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Crawford Media: Adapting to the Digital Age

Crawford Media: Adapting to the Digital Age

In an industry where content is king, managing the fluid/variable content types is critical. With a constant awareness on evolving technologies, longtime industry staple Crawford Media Services has elevated the playing field on premium content services.

In addition to migrating content to digital from more than 30 legacy formats, Crawford hosts enterprise-class digital archive storage and offers a host of metadata entry, captioning, and clip selection services. An experienced team of engineers supervises the Crawford’s service portfolio, which helps enhance the value of content by enabling the search, access, and monetization of your media.

Steve Davis, retiring EVP and CTO for Crawford, spoke with the Media & Entertainment Services Alliance (MESA) about the changes the company has witnessed in the M&E space over the years and what it does differently than its competitors.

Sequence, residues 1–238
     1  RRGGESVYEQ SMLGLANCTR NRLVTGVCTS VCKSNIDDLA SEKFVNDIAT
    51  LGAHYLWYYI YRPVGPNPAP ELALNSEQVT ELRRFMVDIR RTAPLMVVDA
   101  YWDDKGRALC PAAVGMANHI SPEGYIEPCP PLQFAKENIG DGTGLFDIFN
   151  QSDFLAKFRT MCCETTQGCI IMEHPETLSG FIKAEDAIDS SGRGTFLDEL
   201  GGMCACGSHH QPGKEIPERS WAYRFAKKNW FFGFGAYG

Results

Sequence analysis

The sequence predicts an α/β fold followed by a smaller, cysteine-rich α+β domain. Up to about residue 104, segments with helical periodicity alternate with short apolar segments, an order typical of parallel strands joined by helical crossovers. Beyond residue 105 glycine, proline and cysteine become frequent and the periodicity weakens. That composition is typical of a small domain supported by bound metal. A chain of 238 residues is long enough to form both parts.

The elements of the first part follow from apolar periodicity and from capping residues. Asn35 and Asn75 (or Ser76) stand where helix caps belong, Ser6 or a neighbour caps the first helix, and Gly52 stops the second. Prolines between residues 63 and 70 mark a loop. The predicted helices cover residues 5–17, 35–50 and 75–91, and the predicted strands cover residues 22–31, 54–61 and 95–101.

MESA: 2016 marked Crawford’s 35th anniversary in the media services business. How did Crawford first come about, and how quickly, in just the last few years, have needs of content companies changed?

Davis: In the early ‘80s, the demand in Atlanta for live events via satellite and video post production was rampant. Jesse Crawford met that need with “bleeding edge” services and technology through Crawford Communications. Over the next 30 years Jesse pushed the company to early adoption of increasingly higher end production and post technologies.

By 2007, Crawford Media Management (CMM) was launched, and three years later – and in anticipation of a file-based production and distribution environment – we rebranded to Crawford Media Services. Since then, we’ve mass digitized and stored millions of hours of existing legacy content. Another result of this multi-faceted strategy was the creation of our Metaforce platform. Using a distributed onshore workforce and a proprietary cloud platform, Metaforce runs the gamut when it comes to descriptive metadata services.